When I tell people that I spend my summers working with Jewish summer camps their reactions are fairly predictable. If they’ve never been to camp, they don’t get it. Why would anyone send their kids away for the summer? For them, it’s a childcare option and not much more.
But for those who have been to camp themselves there’s lots of excitement. They are immediately envious that I get to go ‘play’ at camp. They regale me with stories of their own camping days and then end off as they started – with a sense of envy about my summers spent canoeing, kayaking, windsurfing, hanging out at Arts and Crafts, going on the zip line and chilling out in my cabin during rest hour.
Spoiler alert… I’m about to bust some of those myths about how I spend my time at camp and encourage you to look at camps a little bit differently, whether you’ve been to one or not.
Camp is definitely a place where fun happens. But as one great camp director always says ‘fun is not the goal of summer camp. Fun is what happens on our way to achieving our goals.’ And this goal is nothing short of growing children and young adults in the most important sense of what it means to grow people. Every good camp director will say the same thing: camp is a place where everyone gets to learn about who they are and is challenged to become the best version of themselves.
And parents agree. After a few weeks at camp, they find themselves the recipients of children who are much more confident, independent and thoughtful. They see more growth and maturity in their children after time spent at a summer camp than they’ve seen the entire year leading up to it.
Parents also see their children come home with a newly minted, or strongly reinforced, sense what it means to be Jewish. Two years ago I listened to a parent talk about how her son had to choose between being on a premier soccer team or going back to camp. The timing of each was such that he couldn’t do both. To his mother’s surprise and pride he chose – on his own – to go back to camp. As much as he loved soccer and wanted to compete at the level he worked towards achieving, he couldn’t imagine not spending Shabbat with his friends in the summer. Camp was his Jewish community and for him community was his Judaism. He wasn’t choosing between soccer and camp. He was making a statement about his identity – an identity that had been nurtured and celebrated through his summer camp experience.
So for many parents camp is not simply a childcare option, it is one of the best things they can do to nurture their children and help them develop their Jewish identity. Even during the lean years of the past decade parents have given up family vacations, used savings or money typically allocated for savings contributions, or have relied on other family members to ensure that their own financial challenges did not disrupt the incredible learning and growing experiences from which their children benefit at camp.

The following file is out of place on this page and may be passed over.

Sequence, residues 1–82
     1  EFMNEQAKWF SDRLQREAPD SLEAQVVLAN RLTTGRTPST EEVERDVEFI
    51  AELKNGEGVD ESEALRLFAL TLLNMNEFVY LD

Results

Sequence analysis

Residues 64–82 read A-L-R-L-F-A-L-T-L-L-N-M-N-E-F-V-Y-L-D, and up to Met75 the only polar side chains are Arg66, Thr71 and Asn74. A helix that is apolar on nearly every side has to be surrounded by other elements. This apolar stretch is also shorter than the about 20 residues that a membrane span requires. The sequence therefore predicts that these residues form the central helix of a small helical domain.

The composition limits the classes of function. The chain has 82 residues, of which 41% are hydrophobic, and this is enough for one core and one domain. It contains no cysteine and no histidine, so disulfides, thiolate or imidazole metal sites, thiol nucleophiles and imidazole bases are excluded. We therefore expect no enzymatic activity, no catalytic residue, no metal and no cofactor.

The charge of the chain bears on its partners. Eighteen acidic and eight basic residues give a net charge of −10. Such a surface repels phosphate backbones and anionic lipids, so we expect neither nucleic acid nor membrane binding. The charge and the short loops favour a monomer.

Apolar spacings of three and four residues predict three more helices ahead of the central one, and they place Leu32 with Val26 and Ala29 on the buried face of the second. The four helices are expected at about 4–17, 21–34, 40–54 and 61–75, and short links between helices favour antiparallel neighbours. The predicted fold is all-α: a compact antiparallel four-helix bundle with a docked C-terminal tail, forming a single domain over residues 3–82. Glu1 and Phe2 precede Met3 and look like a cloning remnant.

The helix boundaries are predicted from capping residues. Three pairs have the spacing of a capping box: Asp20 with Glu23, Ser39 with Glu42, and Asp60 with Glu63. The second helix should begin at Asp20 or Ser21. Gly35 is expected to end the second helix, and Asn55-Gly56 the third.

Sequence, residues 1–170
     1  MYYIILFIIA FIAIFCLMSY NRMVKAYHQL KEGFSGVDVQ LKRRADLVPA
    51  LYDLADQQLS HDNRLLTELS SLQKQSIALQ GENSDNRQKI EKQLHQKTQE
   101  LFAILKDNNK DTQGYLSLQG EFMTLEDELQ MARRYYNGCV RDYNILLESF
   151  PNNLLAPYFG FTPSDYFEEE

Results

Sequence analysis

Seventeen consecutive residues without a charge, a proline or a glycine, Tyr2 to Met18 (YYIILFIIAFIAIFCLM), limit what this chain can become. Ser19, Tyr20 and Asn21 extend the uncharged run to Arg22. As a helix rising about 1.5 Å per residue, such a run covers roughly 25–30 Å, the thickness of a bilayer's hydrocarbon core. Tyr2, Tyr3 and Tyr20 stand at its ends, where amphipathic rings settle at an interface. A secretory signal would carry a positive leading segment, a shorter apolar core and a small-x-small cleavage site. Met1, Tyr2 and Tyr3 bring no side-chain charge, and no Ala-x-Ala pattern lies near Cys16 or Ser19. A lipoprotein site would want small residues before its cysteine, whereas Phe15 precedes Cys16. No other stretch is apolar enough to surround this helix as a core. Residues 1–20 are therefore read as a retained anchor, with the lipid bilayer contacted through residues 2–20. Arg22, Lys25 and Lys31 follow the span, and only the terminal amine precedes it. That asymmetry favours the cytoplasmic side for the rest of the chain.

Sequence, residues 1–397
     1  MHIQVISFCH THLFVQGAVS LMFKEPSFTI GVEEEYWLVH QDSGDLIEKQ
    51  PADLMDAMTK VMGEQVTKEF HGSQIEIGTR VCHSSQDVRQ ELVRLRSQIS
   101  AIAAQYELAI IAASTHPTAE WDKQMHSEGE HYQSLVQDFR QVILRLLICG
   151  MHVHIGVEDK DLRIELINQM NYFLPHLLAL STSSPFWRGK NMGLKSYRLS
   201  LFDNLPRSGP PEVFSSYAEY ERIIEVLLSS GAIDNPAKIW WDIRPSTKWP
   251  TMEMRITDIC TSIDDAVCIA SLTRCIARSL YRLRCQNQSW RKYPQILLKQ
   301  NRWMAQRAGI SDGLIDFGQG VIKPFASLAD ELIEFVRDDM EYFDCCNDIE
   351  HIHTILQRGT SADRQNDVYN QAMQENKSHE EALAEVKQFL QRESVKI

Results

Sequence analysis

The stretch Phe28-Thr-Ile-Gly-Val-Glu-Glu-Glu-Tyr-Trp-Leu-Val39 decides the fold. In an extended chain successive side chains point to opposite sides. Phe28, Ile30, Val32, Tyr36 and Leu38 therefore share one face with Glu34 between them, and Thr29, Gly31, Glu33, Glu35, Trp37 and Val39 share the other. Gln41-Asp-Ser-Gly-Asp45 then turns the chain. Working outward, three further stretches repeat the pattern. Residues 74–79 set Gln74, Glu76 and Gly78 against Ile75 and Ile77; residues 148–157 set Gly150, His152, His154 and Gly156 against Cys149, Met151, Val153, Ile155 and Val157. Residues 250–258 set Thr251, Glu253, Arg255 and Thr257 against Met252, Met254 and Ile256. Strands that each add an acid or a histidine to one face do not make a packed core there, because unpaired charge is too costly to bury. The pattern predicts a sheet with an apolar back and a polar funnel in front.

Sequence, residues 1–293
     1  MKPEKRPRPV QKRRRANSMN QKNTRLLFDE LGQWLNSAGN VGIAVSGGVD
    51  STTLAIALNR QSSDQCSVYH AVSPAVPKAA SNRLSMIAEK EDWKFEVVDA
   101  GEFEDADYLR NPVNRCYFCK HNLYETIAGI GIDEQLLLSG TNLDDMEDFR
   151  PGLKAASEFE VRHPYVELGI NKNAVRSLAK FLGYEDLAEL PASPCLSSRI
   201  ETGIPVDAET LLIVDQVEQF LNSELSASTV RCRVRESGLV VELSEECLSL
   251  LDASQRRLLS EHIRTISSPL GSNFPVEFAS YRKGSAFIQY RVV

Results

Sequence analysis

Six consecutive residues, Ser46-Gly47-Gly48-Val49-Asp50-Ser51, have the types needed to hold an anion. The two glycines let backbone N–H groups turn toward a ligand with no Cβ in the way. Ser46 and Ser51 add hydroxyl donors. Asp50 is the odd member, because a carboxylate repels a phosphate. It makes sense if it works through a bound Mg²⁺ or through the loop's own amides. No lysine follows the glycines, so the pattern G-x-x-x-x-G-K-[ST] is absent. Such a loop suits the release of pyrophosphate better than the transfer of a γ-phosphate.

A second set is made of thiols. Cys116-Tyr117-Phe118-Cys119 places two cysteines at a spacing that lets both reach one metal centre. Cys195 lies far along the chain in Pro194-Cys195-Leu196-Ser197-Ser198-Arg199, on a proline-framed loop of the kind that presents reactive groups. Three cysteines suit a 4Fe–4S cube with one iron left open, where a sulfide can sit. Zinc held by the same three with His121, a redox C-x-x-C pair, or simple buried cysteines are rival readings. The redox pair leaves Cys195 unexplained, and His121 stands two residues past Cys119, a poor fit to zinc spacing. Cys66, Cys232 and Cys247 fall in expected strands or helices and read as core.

And now back to me. Why do I go to camp and what do I do there? The learning and growing through the supportive and challenging environment present at camp is not restricted to a ‘camper-zone’. Rather the desire to focus on and draw out the best in everyone is equally felt by anyone passing through the camp gates. I too get to learn and grow from each experience.
I spend my time at camp meeting with staff, discussing complicated issues involving other staff and/or campers. I also get to be involved in some of the big picture discussions about the camp’s culture, Jewish identity and what kind of place it wants to be for those who come. It’s often non-stop work from morning to night so although I hate to disappoint those who believe I spend my summers playing at camp I have to tell you that in the last two years I have only been in a canoe three times for about a half-hour each and swam once. There simply wasn’t any time for that. This fact demonstrates that although fun is happening all around the staff at summer camp and that they often do partake in it, they are very dedicated to improvement and take advantage of my outsider’s perspectives to help make their camp the best it can be.
From the staffs’ passion, dedication and commitment I have learned much the past four years. In many ways I feel like what I’ve learned – or have been reminded of – at summer camp is pretty close to everything you need to know to live an incredibly rich life.
On those occasions when the stars align and I am fortunate enough to visit a camp for Shabbat, I am also reminded that community really is at the core of Judaism. There is nothing more reassuring than seeing 300+ children, teenagers and young adults, arm-in-arm, reciting the same prayers that have sustained the Jewish people for thousands of years. If there is any doubt that Am Yisrael Chai or will continue to do so, all you need to do is spend a Shabbos at a Jewish camp.
Summer camp is a powerful place where lots of learning, growing and community building happens. It’s sometimes hard to replicate this type of environment elsewhere in our lives but it’s relatively simple to look back on what we’ve learned at camp and to use that knowledge or skills elsewhere. To that end, I’d love to hear your own stories from camp – especially those that demonstrate how camp has helped you in other areas of your life, so please post those stories here.
Looking forward to hearing from you.
Scott McGrath is an FJC Launch Pad and Cornerstone Faculty member. He is a therapist and life coach working with individuals, couples, families, and groups. In addition to direct practice with clients, Scott works as a coach, trainer and consultant with parents, educators, camping professionals and other organizations focused on engaging and developing young adult employees or volunteers.